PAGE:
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The preamble expresses the purpose of the U.S. Constitution. The federal government gains its power from the people rather than from the states. The government exists to maintain peace at home, provide national defense, promote the well-being of the people, and protect their liberties.

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Liberals and conservatives alike have decried “judicial activism,” whenever rulings went against them. Despite these complaints, the Supreme Court has reserved the final word on whether the actions of the executive and legislative branches comply with the Constitution.

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Since the Bill of Rights—the first ten amendments to the Constitution—was adopted in 1791, Congress has passed an additional twenty-three amendments, of which the states have ratified only seventeen. Such statistics indicate the magnitude of difficulty in amending the U.S. Constitution.

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This book analyzes 30 Supreme Court cases chosen by a group of Supreme Court justices and leading civics educators as the most important for American citizens to understand.

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The EPA was formed in 1970 by President Nixon and Congress as an independent government agency to coordinate and oversee the preservation and protection of the environment. Previously, various environmental programs had been handled by different departments.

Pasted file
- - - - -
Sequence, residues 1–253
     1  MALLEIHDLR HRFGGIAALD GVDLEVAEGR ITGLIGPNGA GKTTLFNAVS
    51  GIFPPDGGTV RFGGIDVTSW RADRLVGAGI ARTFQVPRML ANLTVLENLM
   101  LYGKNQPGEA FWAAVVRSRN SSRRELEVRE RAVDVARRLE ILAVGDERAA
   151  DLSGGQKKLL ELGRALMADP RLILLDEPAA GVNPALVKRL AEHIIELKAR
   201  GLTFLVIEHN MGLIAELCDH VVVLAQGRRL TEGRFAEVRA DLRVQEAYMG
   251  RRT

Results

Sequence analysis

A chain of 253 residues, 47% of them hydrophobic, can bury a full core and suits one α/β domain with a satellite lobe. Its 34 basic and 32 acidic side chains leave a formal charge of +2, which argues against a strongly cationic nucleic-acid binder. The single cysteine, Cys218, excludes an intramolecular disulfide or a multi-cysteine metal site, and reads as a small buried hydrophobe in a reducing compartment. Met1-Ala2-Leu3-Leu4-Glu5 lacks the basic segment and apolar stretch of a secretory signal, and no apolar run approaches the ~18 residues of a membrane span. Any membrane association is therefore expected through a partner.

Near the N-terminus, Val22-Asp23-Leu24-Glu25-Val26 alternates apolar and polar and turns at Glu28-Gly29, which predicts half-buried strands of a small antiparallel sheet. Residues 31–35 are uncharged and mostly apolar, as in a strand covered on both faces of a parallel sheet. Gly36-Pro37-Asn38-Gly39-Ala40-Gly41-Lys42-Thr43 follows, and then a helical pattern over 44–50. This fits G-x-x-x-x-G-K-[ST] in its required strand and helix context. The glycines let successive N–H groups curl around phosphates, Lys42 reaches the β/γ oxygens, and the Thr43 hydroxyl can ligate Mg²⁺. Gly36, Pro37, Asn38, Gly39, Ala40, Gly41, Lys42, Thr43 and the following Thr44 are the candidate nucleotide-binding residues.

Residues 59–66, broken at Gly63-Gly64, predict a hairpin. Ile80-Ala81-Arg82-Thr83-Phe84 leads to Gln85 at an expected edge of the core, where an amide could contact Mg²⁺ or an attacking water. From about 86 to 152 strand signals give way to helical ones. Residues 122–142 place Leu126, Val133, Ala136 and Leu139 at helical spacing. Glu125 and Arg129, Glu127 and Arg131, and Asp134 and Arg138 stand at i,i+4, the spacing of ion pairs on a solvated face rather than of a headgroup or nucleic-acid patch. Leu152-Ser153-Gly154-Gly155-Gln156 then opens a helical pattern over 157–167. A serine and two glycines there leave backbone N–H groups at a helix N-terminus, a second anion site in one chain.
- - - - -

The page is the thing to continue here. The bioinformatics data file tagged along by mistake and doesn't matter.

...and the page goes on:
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The Environmental Defense Fund is a nonprofit advocacy group “dedicated to protecting the environmental rights of all people.” It works on issues such as air and water pollution and climate change.

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The Center for Public Integrity is a nonprofit, nonpartisan organization that publishes investigative journalism projects on issues of public concern. The center’s mission, according to its website, is to “make institutional power more transparent and accountable.”

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People for the American Way says it favors “pluralism, individuality, freedom of thought, expression and religion, a sense of community, and tolerance and compassion for others.” PFAW was founded in 1981 by Norman Lear, Barbara Jordan, the Rev. Theodore Hesburgh, and Andrew Heiskell, in part as a response to the political efforts of religious figures Jerry Falwell and Pat Robertson.

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In 1971, Supreme Court Chief Justice Warren Burger advocated the creation of a “central source for the state courts,” which led to the birth of the National Center for State Courts. The NCSC prides itself on “improving the administration through leadership and service to the state courts and serving as an information clearinghouse so that innovations in one court can benefit all courts.” The NCSC does this by conducting research, publishing reports and hosting educational programs about court operations.

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Justice at Stake is a national, nonpartisan organization that aims to “keep our courts fair and impartial.” Launched in February 2002, the group is composed of more than 45 judicial, legal and citizen organizations with the common goal of educating the public on the importance of limiting the influence of outside interest groups on the U.S. judicial system.

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The Federal Judicial Center is the “educational and research agency for the federal courts.” Its website contains research on federal court operations, procedures and court history as well as educational resources for judges and court employees.